Anyway, my doctor was rude, angry, and seemed completely offended that I would dare to question him, or the AIDS establishment. I had a good relationship with my pharmacist over the years as well. She was very angry too, to put it mildly, when she found out.
Tell me, why is it the only people that actually get mad and take this personally, are the ones that benefit financially $$$$$? Hummmmmmm?
Something my husband brought up recently that really made me stop and think. Why is it, with any other dis-ease that you recover from (think cancer especially) are you applauded, people are happy for you! It’s a miracle! Only with AIDS, do they call you a denialist. They are mad that you survive.
I have now been med-free for 1 ˝ years, and feeling FANTASTIC!! No more side effects. All symptoms are gone.
I have completely left the medical establishment, with very hard feelings. Believing that they are totally worthless about 95% of the time.
I have found more help, health, and healing in the alternative world than I ever expected.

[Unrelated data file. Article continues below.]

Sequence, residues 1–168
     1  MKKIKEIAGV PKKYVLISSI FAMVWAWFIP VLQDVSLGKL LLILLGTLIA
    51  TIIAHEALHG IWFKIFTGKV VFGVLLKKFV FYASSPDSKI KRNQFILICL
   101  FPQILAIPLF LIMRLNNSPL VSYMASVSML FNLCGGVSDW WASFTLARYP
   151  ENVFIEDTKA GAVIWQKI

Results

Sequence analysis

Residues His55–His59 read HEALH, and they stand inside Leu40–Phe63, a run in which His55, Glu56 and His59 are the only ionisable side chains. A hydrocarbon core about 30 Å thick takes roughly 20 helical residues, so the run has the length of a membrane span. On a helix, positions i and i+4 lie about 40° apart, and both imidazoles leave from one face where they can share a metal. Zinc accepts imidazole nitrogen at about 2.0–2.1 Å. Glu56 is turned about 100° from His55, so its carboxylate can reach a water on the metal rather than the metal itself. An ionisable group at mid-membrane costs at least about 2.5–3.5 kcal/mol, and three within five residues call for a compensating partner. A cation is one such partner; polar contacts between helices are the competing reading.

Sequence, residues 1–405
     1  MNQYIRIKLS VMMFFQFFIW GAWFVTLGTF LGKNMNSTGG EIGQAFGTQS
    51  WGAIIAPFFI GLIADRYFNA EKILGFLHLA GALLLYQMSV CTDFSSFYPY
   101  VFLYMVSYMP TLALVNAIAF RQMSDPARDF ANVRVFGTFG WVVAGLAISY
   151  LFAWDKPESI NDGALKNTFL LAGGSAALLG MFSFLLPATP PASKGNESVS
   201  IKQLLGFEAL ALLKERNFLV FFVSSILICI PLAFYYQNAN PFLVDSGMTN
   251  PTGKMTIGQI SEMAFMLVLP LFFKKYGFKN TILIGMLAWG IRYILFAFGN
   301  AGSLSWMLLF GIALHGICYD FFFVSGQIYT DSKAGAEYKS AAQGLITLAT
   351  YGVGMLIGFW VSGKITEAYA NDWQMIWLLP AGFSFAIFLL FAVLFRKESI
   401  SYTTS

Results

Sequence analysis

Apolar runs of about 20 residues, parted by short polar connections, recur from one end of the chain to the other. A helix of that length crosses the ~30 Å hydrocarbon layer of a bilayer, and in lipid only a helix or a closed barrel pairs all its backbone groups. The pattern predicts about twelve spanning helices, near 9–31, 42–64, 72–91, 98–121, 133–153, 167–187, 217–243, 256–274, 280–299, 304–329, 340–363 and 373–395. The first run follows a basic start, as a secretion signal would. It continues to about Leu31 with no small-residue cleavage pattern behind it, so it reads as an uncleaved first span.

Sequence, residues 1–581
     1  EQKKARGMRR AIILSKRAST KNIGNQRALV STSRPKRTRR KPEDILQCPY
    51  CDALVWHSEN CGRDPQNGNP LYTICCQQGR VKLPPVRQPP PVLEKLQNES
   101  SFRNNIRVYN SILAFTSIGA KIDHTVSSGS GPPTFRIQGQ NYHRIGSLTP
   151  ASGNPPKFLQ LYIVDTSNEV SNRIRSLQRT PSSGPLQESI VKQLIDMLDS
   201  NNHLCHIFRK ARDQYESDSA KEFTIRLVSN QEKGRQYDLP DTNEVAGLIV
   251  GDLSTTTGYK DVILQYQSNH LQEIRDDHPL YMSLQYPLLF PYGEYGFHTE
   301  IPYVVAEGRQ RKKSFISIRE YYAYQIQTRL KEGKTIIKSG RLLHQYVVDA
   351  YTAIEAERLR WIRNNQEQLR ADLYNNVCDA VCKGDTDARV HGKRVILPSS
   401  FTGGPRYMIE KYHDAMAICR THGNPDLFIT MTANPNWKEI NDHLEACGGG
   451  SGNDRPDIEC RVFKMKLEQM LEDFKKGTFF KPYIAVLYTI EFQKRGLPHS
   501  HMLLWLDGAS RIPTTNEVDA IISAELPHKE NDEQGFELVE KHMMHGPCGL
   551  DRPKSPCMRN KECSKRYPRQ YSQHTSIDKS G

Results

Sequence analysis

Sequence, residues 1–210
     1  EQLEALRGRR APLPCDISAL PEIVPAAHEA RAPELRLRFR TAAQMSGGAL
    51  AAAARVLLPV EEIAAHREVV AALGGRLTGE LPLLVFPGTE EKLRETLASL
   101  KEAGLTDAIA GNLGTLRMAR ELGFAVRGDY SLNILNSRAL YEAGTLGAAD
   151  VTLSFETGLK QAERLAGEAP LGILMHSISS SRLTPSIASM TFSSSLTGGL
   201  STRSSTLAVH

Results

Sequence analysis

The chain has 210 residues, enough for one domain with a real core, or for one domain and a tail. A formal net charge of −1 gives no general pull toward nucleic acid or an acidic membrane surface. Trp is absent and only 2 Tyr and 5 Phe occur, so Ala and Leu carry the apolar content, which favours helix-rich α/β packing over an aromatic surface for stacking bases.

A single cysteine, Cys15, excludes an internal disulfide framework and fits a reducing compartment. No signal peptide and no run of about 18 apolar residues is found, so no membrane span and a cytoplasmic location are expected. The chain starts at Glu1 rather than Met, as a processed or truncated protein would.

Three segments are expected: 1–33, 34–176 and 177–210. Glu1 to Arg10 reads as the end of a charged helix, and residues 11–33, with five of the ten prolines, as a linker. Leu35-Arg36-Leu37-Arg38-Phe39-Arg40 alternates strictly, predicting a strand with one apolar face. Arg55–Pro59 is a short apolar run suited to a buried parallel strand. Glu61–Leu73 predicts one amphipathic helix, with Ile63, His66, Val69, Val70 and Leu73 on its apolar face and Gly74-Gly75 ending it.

I exercise every day. I live a mainly raw foods, vegan diet, which I strongly believe has aided in my recovery from nearly being poisoned to death.
I pray every day that my story will continue to be found, and be a great blessing and source of encouragement to others that have also been deceived by this “scandal of the century”.
I am so very deeply sorry for those who have had to suffer the worst of this. The loss of loved ones, of children…..
I am so very thankful, from the bottom of my heart, to those that have walked this path before me, led me along the way, listened to my fears, my thoughts, my questions.
I am forever grateful for all the dissenters out there, who have sacrificed their lives and careers, so that I may live. Those who dared to question this hypothesis built on sand.
I have vowed to not go quietly.
I have business-type cards printed up that say HIV does not equal AIDS, an upside down ribbon, and a few of the websites that continue to help me every day. I leave these cards everywhere I go. Every public restroom, every restaurant, on the table, in multiple places in the library, anywhere.
How has this affected me? Shock, sadness, despair, fear, suspicious, robbed, angry, outraged, collective, reflective, triumphant!
I am an overcomer!
I will tell my story.
I will not go quietly.
You can send me an email